Minnesota Gov. Tim Pawlenty called a news conference late Monday to point out that Northwest could face financial penalties under its Minneapolis airport lease if it fails to keep a headquarters there, as it has done since the 1930s.
Eagan, Minn.-based Northwest could give up $215 million in rebates and discounts and be forced into early repayment of a $245 million bond.
"I would hope a few hundred million dollars, even to them, would give them pause," the Republican governor said, adding, "In my view, the documents are very clearly written."
The transaction calls for Northwest shareholders to get 1.25 Delta shares for each Northwest share. That values Northwest at almost $3.63 billion based on 277 million Northwest shares that the companies said are outstanding, although the final value will shift with the share prices until the day the deal closes.
Shareholders at both carriers must approve the deal.
The announcement comes a year after the two carriers emerged from Chapter 11 bankruptcy protection. Both are losing money again but are in much better shape than the four much-smaller airlines that have filed for bankruptcy or gone out of business in recent weeks. The joined Delta and Northwest would have combined annual revenue of $31.7 billion, vaulting it ahead of Fort Worth, Texas-based AMR Corp.’s American Airlines for the top spot in the U.S.
The combined carrier would be the biggest in the world in terms of traffic, before any capacity cuts and divestitures that might be required by antitrust regulators.
The agreement comes after several months of discussions between Delta and Northwest and at one time between Delta and Chicago-based UAL Corp.’s United Airlines. Analysts believe a Delta-Northwest combination will stand up better to regulatory scrutiny because the two carriers have less overlap.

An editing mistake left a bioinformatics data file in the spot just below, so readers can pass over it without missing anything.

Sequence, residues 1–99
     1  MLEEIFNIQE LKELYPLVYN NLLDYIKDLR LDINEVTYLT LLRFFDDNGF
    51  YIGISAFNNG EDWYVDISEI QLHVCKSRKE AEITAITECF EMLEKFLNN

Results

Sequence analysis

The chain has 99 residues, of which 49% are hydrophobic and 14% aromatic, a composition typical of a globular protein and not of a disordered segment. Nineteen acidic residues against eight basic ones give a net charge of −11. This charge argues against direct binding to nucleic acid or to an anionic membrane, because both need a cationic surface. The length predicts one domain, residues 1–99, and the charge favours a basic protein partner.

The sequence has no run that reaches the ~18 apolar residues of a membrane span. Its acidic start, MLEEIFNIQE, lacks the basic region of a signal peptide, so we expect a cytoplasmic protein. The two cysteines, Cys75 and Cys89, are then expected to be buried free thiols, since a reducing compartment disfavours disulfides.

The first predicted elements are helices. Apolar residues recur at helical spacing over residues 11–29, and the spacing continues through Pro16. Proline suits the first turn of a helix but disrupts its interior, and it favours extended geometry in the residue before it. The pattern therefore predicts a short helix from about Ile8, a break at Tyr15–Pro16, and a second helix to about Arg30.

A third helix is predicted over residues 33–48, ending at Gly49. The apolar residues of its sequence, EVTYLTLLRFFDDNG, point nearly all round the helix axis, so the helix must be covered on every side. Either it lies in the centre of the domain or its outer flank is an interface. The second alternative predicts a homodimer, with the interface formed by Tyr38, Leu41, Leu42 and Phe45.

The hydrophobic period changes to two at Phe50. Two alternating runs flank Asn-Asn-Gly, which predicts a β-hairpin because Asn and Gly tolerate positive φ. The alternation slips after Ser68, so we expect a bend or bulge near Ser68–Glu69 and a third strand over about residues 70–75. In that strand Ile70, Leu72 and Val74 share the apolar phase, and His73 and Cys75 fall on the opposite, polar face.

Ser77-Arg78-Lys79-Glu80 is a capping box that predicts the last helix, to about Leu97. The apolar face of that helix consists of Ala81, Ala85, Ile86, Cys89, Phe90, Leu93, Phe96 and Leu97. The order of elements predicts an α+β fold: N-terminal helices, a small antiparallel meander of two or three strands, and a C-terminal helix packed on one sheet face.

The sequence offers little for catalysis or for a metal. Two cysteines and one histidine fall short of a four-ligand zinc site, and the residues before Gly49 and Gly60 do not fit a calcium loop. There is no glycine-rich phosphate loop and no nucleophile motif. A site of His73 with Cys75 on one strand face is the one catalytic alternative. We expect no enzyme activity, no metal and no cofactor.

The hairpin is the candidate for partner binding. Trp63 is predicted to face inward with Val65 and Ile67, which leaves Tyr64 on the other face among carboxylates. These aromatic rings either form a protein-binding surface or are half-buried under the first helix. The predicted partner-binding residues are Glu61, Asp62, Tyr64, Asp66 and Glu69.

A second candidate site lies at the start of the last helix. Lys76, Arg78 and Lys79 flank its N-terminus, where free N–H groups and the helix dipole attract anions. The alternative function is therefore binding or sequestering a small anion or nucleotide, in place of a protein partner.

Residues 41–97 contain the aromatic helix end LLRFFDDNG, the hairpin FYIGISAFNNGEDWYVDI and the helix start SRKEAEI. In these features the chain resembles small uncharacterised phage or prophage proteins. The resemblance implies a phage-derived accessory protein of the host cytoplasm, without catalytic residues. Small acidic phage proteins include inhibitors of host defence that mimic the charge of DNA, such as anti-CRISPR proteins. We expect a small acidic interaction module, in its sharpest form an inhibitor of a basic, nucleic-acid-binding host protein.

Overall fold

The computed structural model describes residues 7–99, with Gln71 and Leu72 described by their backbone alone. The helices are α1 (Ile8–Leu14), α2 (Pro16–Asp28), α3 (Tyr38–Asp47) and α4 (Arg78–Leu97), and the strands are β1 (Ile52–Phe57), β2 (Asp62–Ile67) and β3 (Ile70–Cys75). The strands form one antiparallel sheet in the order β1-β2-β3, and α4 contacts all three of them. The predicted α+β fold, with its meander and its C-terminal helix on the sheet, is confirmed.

Years of mounting losses forced Delta and Northwest to file for bankruptcy protection in New York on Sept. 14, 2005. Both emerged from bankruptcy as leaner carriers last spring, after shedding billions in costs.
Many analysts predicted an eventual Delta-Northwest tie-up after Anderson, a former Northwest CEO, was named last August to be the chief executive officer of Delta.
Anderson, who was Northwest’s CEO from 2001 to 2004, immediately sought to quiet those suggestions, telling Delta’s pilots union chairman the morning his appointment was announced that he believed in Delta’s standalone plan and that "he was not coming in as CEO to facilitate a merger with Northwest."
But eight months later, that’s what Anderson is doing, and many analysts believe he didn’t have a choice amid plummeting airline market values and soaring fuel prices.
Wall Street and some airline executives have pushed for consolidation for years, arguing that too many seats are chasing too few passengers. The resulting discounting has made it hard for airlines to cover their expenses.
However, Northwest and Delta overlap relatively little in the U.S. — which could actually help them gain antitrust approval. Delta’s routes are strongest in the eastern U.S. and to Latin America and Europe. Northwest would complement that with its near-lock in the Midwest along with flights to its Tokyo hub and other points in Asia.